Travel Around Billings & Lockwood to be Transformed; I-90 Corridor Going to Three Lanes

In the coming decade there is much that is going to change about travel through the Billings I-90 corridor.  Interchanges will change, highways broadened and bridges reconstructed – all are projects in the planning stages, with some already underway.

The Johnson Lane Interchange, pictured here in Lockwood, along Interstate 90 will look completely different once the new diamond Interchange is constructed to accommodate the new traffic from the Billings Bypass. This exit in Lockwood is considered the busiest Interstate exit in the state with all the truck stops and truck traffic that uses that exit. This image of the Lockwood interchange is looking North towards the Yellowstone River. The Diamond Interchange and layout will be the first in Montana. From this Lockwood Interchange on Interstate 90, another project has been approved to expand the interstate from Johnson Lane to 27th street exit to 3 lanes each way on the Interstate. (Jonathan McNiven Photo)

While much has been heard about the improvements planned to the I-90/ Johnson Lane Interchange as part of the Billings Bypass project, there’s not as much awareness about the other improvements in the Lockwood area and along I-90 through Billings. 

The projects emerged from a 2012 study about future needs for Billings’ traffic as it impacts I-90. The projects will accommodate increases in traffic and improve overall operation and safety. 

The stretch of I-90 that is involved was built in the 1960s and last paved in 2000. 

The Montana Department of Transportation (MDT) plans to widen from two lanes to three lanes a stretch of I-90 from the Johnson Lane Interchange to the South 27th Street Interchange.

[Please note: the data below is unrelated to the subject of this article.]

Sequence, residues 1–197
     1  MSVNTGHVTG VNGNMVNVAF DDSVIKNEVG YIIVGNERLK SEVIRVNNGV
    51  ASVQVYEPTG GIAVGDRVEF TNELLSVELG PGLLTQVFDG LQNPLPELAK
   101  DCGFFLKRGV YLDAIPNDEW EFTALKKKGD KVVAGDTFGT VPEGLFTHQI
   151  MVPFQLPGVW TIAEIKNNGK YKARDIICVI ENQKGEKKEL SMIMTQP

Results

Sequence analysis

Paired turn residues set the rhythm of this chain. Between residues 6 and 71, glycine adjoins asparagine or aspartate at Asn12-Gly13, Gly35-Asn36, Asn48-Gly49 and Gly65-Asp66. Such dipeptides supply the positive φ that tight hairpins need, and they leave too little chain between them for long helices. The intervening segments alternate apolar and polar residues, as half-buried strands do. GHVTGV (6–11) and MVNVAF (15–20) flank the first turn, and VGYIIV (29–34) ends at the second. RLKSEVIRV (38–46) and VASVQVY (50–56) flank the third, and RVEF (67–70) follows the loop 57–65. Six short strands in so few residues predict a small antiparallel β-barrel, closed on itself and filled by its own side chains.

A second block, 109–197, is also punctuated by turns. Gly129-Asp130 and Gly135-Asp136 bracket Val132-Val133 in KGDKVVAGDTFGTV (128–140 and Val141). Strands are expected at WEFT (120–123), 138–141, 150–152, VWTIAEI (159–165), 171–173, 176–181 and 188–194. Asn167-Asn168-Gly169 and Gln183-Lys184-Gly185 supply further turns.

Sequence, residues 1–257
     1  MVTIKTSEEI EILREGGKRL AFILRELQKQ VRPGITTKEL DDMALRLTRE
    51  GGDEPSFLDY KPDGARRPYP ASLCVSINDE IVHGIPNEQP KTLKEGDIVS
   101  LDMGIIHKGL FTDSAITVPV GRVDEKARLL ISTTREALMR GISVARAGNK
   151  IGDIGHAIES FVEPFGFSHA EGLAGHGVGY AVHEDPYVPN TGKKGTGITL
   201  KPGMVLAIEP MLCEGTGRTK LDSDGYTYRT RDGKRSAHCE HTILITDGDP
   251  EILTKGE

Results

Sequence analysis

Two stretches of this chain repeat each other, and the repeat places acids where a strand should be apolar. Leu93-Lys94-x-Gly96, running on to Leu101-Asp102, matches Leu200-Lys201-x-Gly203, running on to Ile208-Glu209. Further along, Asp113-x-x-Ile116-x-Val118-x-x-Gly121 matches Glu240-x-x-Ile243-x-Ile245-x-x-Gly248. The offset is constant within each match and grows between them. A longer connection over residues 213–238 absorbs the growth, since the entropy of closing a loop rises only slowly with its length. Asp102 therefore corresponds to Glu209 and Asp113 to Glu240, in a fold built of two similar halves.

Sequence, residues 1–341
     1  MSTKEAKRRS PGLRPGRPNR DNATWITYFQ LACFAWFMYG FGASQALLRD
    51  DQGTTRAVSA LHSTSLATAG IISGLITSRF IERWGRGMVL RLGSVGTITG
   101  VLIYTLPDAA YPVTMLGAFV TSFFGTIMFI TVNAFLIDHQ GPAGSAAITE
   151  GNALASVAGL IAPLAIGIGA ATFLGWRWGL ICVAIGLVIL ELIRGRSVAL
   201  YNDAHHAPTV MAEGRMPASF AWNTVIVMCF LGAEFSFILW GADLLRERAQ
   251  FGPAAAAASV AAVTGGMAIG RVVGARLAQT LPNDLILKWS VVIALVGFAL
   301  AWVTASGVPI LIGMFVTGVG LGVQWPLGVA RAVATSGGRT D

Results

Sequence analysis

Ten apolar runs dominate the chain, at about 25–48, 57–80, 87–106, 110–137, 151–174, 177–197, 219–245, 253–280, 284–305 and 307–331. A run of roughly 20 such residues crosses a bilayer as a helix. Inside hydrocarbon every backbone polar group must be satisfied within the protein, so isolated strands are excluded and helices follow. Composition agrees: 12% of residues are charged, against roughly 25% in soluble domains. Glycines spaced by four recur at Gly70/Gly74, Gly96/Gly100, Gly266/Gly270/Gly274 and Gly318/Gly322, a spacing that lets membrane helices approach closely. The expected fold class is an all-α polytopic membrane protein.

Part of the Interstate 90 expansion from two lanes to three lanes will include expansion of the Yellowstone River bridge into Billings where recently a historic pileup occurred involving 30+ vehicles. The increased traffic from the Billings Bypass and 3 lanes on the interstate will alleviate congested traffic along Dick Johnson Bridge (road on the right side of picture crossing the Yellowstone River) that connects Lockwood to the MetraPark and downtown Billings. (Jonathan McNiven Photo)

The first phase of widening the Interstate will be on the west end from the Lockwood Interchange to the 27th Street Interchange, which includes the reconstruction of the bridges across the Yellowstone River and the Talen Railroad Spur. Final plans for widening the interstate and building the bridges are to be completed by the end of March, and bids may be let sometime this summer. HDR is the engineering firm designing the project.

The plan to add additional two lanes to I-90 avoids having to gain more rights-of-way by expanding into space that is currently the median.  

Following a recent public hearing the Lockwood Steering Committee began a petition to MDT objecting to the fact that the plans for the bridges are without accommodation for pedestrians or bicycles. They are asking MDT and HDR engineers to address the common vision of the community for the future of Billings and Lockwood by including pedestrian/bike access.

The Montana Department of Transportation will be expanding Interstate 90 from two lanes to three lanes going both ways from the Lockwood Johnson Lane Exit, bottom right, and extend all the way through the Metra Exit. (top middle) and then on to 27th Street exit in Billings. (Drone Image by Jonathan McNiven)

Public comment during the hearing also brought up the multi-modal issue, and MDT officials and engineers said that the issue had not been overlooked, but they had determined not to include the multi-modal access because of increases to the cost and the fact that it would require gaining additional rights-of-way extending the time frame, as well as the cost, and it could have possible flood plain impacts in providing trails to get to the crossings. A special public meeting may be held to further explore this public concern.